Thousands of steps backwards
Why is there a “non-binary” category in the London Marathon?
This Sunday, for the first time in the London Marathon’s history, three categories will cross the finish line: men, women and a special group for self-absorbed whingers who identify as “non-binary”. The new division was added after a consultation last year. Tellingly, sexed categories have been retained for the Elite, Championship and Good For Age races.
Brasher seems to have forgotten that biology doesn’t care about gender feelings
Race director Hugh Brasher proudly trilled that the non-binary option was “a significant step forward” and that whilst there was “much more to be done” the change showed that the race “is for everyone”. The London Marathon has always been open to people with the requisite talent and determination, irrespective of identity.
Brasher seems to have forgotten that biology doesn’t care about gender feelings. Ultimately, no matter how hard he might train and strain, a man will never be able to push a baby out of his willy. On the flip side, on average men run around ten per cent faster than women.
Olympian Mara Yamauchi is a former elite marathon runner who believes “gender identity ideology turns sport into a farce, and it is nearly always women and girls who suffer”.
“How you identify is irrelevant in sport,” Yamauchi explains.
What matters is your body and your sex — male or female … Sports organisations can fully welcome and include trans and non-binary people whilst robustly asserting and defending the primacy of biological sex, not gender ideology, as the parameter on which competition categories must be based.
With the exception of Tokyo, today all members of the World Marathon Majors, — the club of the world’s most prestigious marathons — have introduced what is in reality a mixed sex division to accommodate this niche identity. The results have been predictable.
On Monday, the winner of the non-binary category in Boston was a man called Kae Ravichandran. Ravichandran seems to have suffered something of an identity crisis; since July 2022 he has competed in the men’s, women’s and non-binary categories.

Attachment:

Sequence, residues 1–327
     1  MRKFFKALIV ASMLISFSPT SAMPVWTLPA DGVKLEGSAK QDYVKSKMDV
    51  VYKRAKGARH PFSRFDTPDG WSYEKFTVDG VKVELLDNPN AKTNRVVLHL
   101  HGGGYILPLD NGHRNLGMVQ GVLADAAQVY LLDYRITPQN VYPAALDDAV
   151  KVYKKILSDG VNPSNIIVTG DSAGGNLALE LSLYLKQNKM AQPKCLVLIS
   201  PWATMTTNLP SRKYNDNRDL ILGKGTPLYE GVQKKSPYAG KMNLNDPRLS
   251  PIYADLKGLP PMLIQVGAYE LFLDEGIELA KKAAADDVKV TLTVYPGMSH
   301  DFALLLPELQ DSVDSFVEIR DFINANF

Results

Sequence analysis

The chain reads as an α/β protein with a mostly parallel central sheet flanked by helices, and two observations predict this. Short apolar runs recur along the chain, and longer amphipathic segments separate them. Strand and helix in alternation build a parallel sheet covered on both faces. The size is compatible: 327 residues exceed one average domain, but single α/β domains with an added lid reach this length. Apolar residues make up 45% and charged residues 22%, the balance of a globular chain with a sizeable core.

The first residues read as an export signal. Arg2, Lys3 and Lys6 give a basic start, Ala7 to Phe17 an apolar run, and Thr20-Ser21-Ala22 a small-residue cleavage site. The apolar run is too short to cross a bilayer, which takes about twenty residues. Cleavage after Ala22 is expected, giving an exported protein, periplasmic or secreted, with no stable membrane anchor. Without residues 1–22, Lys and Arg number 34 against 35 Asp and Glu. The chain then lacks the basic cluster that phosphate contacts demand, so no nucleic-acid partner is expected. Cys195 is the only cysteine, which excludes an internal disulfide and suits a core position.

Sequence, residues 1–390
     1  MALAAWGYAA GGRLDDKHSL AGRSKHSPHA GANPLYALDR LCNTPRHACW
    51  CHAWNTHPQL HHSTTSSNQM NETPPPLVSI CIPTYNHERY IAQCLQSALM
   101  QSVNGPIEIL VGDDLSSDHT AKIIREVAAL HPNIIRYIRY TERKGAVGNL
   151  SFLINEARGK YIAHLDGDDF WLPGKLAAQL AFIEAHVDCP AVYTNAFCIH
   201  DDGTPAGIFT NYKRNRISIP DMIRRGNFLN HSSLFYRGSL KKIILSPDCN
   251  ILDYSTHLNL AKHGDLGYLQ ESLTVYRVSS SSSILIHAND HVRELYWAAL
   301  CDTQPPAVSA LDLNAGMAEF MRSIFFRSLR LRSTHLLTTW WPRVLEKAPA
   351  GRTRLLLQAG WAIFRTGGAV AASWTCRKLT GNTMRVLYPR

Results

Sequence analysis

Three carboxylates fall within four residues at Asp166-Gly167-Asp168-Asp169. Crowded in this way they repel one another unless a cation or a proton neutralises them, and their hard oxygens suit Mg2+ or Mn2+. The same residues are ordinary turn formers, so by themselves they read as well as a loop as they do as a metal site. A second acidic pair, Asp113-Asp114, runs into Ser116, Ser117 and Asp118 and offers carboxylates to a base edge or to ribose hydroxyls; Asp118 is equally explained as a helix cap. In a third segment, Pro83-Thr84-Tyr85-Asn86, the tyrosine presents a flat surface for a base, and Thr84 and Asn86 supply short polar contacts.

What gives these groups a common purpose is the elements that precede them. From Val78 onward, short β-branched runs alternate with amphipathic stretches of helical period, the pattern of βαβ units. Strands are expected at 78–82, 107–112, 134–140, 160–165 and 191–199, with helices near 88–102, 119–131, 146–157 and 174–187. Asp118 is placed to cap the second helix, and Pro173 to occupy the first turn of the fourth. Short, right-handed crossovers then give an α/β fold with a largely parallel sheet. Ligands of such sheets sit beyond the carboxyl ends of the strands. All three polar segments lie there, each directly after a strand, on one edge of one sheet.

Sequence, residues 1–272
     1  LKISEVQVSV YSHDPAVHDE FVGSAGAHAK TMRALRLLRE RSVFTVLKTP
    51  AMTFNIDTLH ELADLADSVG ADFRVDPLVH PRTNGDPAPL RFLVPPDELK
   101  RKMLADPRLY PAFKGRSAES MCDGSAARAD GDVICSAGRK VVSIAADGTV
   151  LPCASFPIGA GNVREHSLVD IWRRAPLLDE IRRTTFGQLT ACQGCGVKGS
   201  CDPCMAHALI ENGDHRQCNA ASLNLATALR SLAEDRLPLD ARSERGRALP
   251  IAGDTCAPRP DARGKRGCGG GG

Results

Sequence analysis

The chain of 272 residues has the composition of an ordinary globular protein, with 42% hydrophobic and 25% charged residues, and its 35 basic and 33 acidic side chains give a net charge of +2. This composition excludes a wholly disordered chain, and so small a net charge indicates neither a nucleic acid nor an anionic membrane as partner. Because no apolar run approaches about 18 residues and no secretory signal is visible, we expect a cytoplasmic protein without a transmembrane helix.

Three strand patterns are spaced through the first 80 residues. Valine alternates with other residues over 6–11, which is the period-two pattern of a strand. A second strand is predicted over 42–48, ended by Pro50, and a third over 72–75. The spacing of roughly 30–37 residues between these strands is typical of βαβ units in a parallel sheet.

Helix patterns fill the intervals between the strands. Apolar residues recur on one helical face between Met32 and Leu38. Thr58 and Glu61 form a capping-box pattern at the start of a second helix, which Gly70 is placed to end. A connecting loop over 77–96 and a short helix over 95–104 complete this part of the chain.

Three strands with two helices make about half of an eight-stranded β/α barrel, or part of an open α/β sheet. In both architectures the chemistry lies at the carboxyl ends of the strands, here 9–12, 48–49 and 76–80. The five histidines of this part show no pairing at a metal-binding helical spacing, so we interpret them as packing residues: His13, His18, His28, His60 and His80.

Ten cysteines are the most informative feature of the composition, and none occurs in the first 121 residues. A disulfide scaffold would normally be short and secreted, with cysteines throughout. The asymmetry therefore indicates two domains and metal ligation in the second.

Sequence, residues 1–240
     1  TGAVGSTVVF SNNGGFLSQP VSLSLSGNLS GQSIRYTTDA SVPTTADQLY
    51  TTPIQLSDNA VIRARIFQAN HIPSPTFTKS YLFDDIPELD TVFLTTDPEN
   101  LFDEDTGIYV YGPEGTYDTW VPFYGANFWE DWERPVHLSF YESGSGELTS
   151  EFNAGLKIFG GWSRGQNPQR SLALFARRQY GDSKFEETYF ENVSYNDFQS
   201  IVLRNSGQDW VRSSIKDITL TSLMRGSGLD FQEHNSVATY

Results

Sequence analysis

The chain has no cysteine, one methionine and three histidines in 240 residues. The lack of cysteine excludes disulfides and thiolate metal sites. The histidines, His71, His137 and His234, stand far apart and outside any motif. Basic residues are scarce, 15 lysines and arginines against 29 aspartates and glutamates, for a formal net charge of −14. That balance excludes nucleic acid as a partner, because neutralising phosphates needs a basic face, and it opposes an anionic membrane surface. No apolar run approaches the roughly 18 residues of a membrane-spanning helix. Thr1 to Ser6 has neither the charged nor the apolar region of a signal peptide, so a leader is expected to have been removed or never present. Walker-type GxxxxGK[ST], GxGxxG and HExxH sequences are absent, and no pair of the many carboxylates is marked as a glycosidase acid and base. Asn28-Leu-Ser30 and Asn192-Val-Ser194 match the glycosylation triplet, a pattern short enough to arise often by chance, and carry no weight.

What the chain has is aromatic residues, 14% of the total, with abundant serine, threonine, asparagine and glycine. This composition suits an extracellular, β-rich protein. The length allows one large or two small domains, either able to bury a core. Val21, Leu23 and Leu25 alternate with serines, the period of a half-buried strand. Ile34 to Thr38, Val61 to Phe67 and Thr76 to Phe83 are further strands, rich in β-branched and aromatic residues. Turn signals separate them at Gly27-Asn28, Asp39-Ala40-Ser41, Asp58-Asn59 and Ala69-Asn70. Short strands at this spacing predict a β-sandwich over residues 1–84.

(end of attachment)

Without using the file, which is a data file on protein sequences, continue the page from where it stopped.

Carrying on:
Second place at Boston was taken by female Cal Calamia, a runner who has openly stated, “I take testosterone.” The performance enhancing hormone is banned in and out of competition under the World Anti-Doping Agency Code, to which the US is a signatory. According to publicly available information, the next five finishers appeared to be male.
The new “inclusive” category has also allowed some male competitors to sprint up the rankings. Notably, Zackary Harris came 1,917th racing in the men’s division in the New York City Marathon (NYCM) 2019 (with a time of 3:05:36), before coming second in the non-binary division in NYCM 2022 (with a time of 3:09:41) and swaggering off with $4,000 in prize money.
Jake Fedorowski is the leading “bepenised, non-birthing person” responsible for promoting non-binary nonsense in marathons. This distinctly average male runner appears to have earned his place in the Boston Marathon, not by running the 3-hour qualifying time for male runners of his age, but by beating the non-binary qualifying time of 3 hours 30 (which is set at the same time as the women’s).
Fedorowski has published a “Guide to non-binary inclusion in running”. The document opens with the surprising claim that “Non-binary individuals have always existed, despite the lack of recognition of them in history.”
Within living history, women were excluded from the marathon
The guide goes on to confidently assert that “gender is fluid” before exhorting the reader to educate themselves about “evolving terminology”. A list of petulant demands include offering equal prize money for men, women and non-binary runners and not making any assumptions about the identity of competitors based on their appearance. Any suggestion that mediocre men might “take advantage of the system” for prize money and prestige is airily brushed away. “This is not a valid argument, as there is no evidence to date of this happening, and it should not be used to deny non-binary participants their much-needed visibility,” writes Fedorowski.
Clearly, he is either wilfully blind or simply unconcerned about the rights of female runners. The creation of a non-binary category goes against the most basic rules of fair competition, effectively offering males two categories in which they can enjoy fair competition, whilst females have only one.
It’s important to remember that within living history, women were excluded from the marathon. When Katherine Switzer became the first woman to officially enter the Boston marathon in 1967, race director Jock Semple lunged toward her to try and push her out from the group of men she was running alongside.
The reasons given for the prohibition of female competitors were ridiculous. Switzer recalled in an interview with Sky Sports News that there was a misconception that women runners “were going to get big legs, grow hair on your chest, your uterus was going to fall out”.
It took years for such sexist superstitions to be exposed as nonsense. Yet thanks to the actions of activists like Fedorowski and the credulity of box-ticking race organisers, women runners are once more being pushed to the side. Men are the only winners in the race for “non-binary” inclusivity.
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